I’ve been asked before, “What do you when you’re in an exercise slump?” I have to be honest with you (and I promise I’m not saying this to sound snobby or better than thou) but I don’t really have slumps. There’s times when life is crazy busy and I don’t get to work out quite as much, but that’s referring to exercising two or three times a week instead of five. I don’t have long breaks from exercise.
How is that possible?
We all have our daily tasks, and each are given their placement of priority – whether we write it down or not. If there’s a time crunch or a lot to get done, we know which will be handled before others. Often times I believe “exercise” is put on the “If I can get to it” list for a lot of folks. I understand that. I’ve had to do that. If my child needs to go to the doctor, or we’re almost out of essential groceries, obviously that needs to be handled first. Exercise can wait. But it’s the how long does it have to wait that becomes the problem.
To me, exercise isn’t an added chore, it’s a mental and physical necessity. If I don’t get a bare minimum of exercise in a week, I am one cranky person. I am stressed. I feel gross. It’s just not good. So for me, it’s high on my priority list. I need to fit it in so other aspects of my life can be successful. I can’t exactly be a good mom and wife if I’m cranky and feeling gross, now can I?
So we’ve established that exercise should actually make the list of daily priorities instead of being an extracurricular that would be nice to get to, but how do we stay focused once it’s on the list? Consider these tips and ideas:
- Think about your current mood and how exercise can fit with it. If I am super busy and having to make a lot of decisions, I don’t like to lift weights. I don’t want to have to count reps. I don’t want to come up with exercises and ensure I hit key target areas. I want to hit the open road, just me and my music, and zone out while I’m running. But then there are (rare) days when running is the last damn thing I want to do. I don’t have the patience for it. I don’t want to deal with monotony. I need to lift to keep my mind off of something stressing me out. Figure out what you’re in the mood for, and choose that exercise. Otherwise, if you start out not in the mood, you’re going to have a hard time getting into the mood, and giving up is right around the corner.
- Figure out what you like about exercise. Exercise should be a happy experience. If you focus on the pain, or disappointment you may feel if you don’t lift enough/run fast enough/swim enough/squat enough, then it won’t be so happy. Do you like exercising with other people? Do you like working out in the morning or the evening? Do you like having a pre-planned workout all setup for you? What about exercising makes you happy you’re doing it? Figure that out and write it into your daily planner, and then it switches from being a chore, to a happy task.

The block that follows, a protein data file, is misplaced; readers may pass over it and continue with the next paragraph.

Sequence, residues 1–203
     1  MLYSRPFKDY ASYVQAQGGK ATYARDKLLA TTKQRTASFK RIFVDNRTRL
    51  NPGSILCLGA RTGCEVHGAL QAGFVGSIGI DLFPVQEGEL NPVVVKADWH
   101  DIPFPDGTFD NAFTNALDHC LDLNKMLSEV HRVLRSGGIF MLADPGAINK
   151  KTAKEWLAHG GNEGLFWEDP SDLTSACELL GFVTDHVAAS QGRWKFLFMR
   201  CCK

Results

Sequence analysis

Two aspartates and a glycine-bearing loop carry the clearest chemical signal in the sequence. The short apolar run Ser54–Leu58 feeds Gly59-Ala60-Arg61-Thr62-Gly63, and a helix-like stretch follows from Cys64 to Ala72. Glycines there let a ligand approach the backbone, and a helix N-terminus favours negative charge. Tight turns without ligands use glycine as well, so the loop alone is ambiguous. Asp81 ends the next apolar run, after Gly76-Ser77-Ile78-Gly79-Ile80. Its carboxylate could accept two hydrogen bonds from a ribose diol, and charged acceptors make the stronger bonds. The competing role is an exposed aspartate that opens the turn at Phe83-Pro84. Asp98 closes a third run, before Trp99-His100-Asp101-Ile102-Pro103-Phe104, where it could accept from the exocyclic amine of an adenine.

- Always have a goal or a mission. I have run in a lot of races. I’ve done a couple full marathons, several half marathons, a couple Spartan Races, and various other events. In November I’ll be doing my first duathlon (biking and running). These events keep me in check. I know I have a race coming up and if I don’t prepare properly, that day will kick my butt in a very bad way, so I have to run/bike/lift/hate life while doing burpees. What’s your goal? Is it just, “I need to work out” because if so, that’s not a long-lasting goal. What are you trying to get out of your exercise today, tomorrow, next week, next month? Do you want to get rid of saggy arms or inner thigh fat? Don’t worry about someone else’s goal, make your own. That will give you a mission for going to the gym and hopefully keep you going so you can reach your goal.
- Remember that exercise can be your “thing”. So many times in our lives we are focused on doing things that help other people – meetings to please clients, playground adventures to please kids, delicious dinners to please spouses. But how often is just you doing something that makes you happy? I often have to bring my kids along to the gym with me while they play in a little kid area, that’s in the same room as me……………. They have been yelled at many times as I have listed off all the things I have done for them that day and, “I. Just. Want. To. Exercise.” so they need to shoosh and get along. But when I do get to exercise without them, I enjoy my break from the kids/spouse/friends. It’s MY thing. It’s MY time. It’s all about ME and I like it.
Tell me — What keeps you focused? What takes your focus away?
Stay active, friends!